We often hear, “Don’t get discouraged.” I’d rather it be worded, “Don’t STAY discouraged.”
Discouragement is all too common an emotion. Most of us, if not all, have found ourselves living from time-to-time in that rundown establishment known as Hotel Discouragement. Do you visit there so often you have your own room? The trick is to stay there no longer. If we wake up in the depressing, filthy, crusted sheets of despair, the choice is ever present to get up and move to a sunnier place.
Here’s a good quote to help us do so. I found it at David Lebovitz’ website. He was speaking about writing cookbooks. Yet his advice pertains to all writers, artists and any other valiant individuals. David advises us all to shun the dark moods of despair, reminding us:
“…don’t be discouraged. Julia Child was rejected by almost everyone because Mastering the Art of French Cooking wasn’t considered salable. Later in life, another of her books that was turned down became a huge success.”
Hmmm. Good things really do come to those who patiently work hard…and who choose to move out of room 232 in that shady establishment, Hotel Discouragement.
Does anyone know of a way to contribute? I feel proud I’m of Tennesseen descent when I watch this video …they’ve banded together without looting and without outside aid. Does anyone else find it bizarre the outside media is ignoring their plight?
Just got back a little bit ago from my daughter’s voice lessons. I’ve sung professionally and it’s been a treat to sit in on her lessons. I love her voice teacher.
Today my daughter had an hour lesson, in lieu of her normal 30 minutes. And wow, was she exhausted by the time she was finished…this is how excellent her lessons are. True singing can very easily be compared to fine athletics. Complete focus, engaged musculature, etc.
What a treat it was to sit there, observing, and then accompanying her for a time at the piano while the teacher worked with her further. And it reminded me of something I read over at Sally Evans “Embracing Creativity” blog. She spoke of how good practice is simply teaching the body good habits, thereby getting rid of bad habits. And it takes effort.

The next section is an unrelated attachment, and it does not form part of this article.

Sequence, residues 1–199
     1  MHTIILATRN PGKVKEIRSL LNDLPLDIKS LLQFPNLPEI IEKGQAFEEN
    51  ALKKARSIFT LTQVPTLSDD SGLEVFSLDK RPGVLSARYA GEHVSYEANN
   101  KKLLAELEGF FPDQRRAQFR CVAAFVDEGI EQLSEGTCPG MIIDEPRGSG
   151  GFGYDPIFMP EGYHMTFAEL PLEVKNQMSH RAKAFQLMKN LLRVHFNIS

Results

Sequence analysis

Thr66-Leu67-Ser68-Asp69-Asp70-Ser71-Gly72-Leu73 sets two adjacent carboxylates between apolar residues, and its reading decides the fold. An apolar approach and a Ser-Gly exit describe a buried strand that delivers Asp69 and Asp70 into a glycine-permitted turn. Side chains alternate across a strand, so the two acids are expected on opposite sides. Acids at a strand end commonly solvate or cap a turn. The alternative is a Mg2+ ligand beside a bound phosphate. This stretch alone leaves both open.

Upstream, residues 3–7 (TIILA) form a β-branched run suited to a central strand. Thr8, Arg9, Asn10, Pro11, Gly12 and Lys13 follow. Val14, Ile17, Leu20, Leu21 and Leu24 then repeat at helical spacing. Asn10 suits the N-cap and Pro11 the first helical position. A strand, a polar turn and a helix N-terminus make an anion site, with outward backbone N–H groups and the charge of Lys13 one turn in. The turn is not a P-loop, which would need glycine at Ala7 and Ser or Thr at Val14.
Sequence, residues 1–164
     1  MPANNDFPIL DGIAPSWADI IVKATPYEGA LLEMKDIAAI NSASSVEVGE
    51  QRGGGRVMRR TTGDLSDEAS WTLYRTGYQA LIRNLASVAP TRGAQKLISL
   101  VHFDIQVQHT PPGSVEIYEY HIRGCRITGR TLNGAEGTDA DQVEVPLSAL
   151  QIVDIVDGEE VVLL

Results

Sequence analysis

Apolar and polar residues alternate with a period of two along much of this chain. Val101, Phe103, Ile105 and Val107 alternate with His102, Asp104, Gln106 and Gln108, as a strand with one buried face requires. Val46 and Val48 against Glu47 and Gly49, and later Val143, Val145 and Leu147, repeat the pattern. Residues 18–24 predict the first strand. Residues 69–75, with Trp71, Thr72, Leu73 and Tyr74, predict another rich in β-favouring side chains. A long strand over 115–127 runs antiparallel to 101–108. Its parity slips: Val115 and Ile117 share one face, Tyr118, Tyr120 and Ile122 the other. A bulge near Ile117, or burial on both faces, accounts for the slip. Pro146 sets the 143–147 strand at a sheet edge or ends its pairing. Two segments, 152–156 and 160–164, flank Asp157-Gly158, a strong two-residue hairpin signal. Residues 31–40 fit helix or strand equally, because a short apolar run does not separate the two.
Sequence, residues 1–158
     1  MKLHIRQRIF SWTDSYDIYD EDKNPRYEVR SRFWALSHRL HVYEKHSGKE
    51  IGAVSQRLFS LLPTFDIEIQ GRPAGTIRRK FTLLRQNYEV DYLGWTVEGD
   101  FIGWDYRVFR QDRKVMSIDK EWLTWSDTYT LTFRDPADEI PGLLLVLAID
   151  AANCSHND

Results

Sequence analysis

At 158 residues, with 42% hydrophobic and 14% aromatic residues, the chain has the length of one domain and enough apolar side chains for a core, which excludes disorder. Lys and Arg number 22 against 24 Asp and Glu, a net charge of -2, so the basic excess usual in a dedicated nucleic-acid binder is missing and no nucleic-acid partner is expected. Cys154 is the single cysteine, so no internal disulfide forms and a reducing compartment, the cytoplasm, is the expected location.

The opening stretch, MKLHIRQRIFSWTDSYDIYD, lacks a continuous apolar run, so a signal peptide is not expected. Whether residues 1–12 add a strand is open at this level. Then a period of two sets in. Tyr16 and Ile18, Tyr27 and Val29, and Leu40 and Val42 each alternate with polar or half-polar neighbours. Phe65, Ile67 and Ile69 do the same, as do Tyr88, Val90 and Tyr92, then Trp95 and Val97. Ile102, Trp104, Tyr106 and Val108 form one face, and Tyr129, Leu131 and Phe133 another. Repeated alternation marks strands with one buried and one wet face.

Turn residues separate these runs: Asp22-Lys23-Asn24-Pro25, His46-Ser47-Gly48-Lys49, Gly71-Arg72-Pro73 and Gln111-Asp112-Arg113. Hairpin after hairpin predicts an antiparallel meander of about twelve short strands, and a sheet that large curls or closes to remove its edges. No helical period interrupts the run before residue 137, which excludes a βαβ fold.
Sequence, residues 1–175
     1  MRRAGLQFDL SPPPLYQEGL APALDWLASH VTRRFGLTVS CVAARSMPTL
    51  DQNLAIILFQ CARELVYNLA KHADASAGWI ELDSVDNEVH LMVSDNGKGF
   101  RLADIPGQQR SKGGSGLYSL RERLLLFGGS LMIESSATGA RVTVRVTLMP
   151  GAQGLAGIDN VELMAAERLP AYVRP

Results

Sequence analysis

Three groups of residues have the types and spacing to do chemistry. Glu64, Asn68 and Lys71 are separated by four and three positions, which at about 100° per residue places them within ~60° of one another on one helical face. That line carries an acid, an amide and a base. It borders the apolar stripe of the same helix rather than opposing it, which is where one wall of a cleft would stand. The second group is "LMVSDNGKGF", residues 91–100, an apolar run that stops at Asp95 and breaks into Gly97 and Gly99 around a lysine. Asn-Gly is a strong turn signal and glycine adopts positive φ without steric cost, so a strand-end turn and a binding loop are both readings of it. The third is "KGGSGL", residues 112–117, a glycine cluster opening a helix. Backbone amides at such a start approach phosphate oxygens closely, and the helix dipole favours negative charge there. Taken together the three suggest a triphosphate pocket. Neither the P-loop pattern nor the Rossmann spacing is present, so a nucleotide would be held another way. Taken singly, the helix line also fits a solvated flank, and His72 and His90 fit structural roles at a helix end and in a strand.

I thought during the lesson how true this is. A lifetime, even for a youth, can be full of sloppy habits when it comes to singing. Nothing but focused efforts can replace lazy muscles with energized ones that contribute to beautiful sound. And again it takes effort, effort, effort. Which is why my daughter came home tonight fatigued. :0)
But wow, the sound coming out of her mouth by the end of the lesson. She was glad to be done, but I was thrilled to have been present to see the effect of practice, practice, practice. (Which applies to nearly every other category of life.)
[P.S. Here is a link to Sally Evans’ blog. It’s fun to read and full of great things to muse on for days.]
It’s a funny thing about life. When we shut loved ones out of our heart–whether from being hurt or from being angry–we close the door on some of the most important aid we can receive in this life.
As 2010 begins, it would be an important activity for you to find a quiet place and ponder the relationships in your life…and which ones you want to build during this coming year.
We’re not talking about toxic relationships. No, we want you to ponder on who the three most valued people are in your life, and then analyze the health of the relationship. Is there something you can do to improve it?
Remember: teamwork for anything will succeed when people are “on the job” looking out for others’ successes, in addition to his or her own. Being a renegade–someone who insists on going it alone–leads to burn out and loneliness.
Now that January is here, here’s a simple suggestion. Pull out your journal and write down the names of three people who matter most to you. As you work through 2010 toward your dreams, make sure you are building relationships long with your success goals and dreams acquisitions.
For, don’t you want to share your future “having arrived” with someone?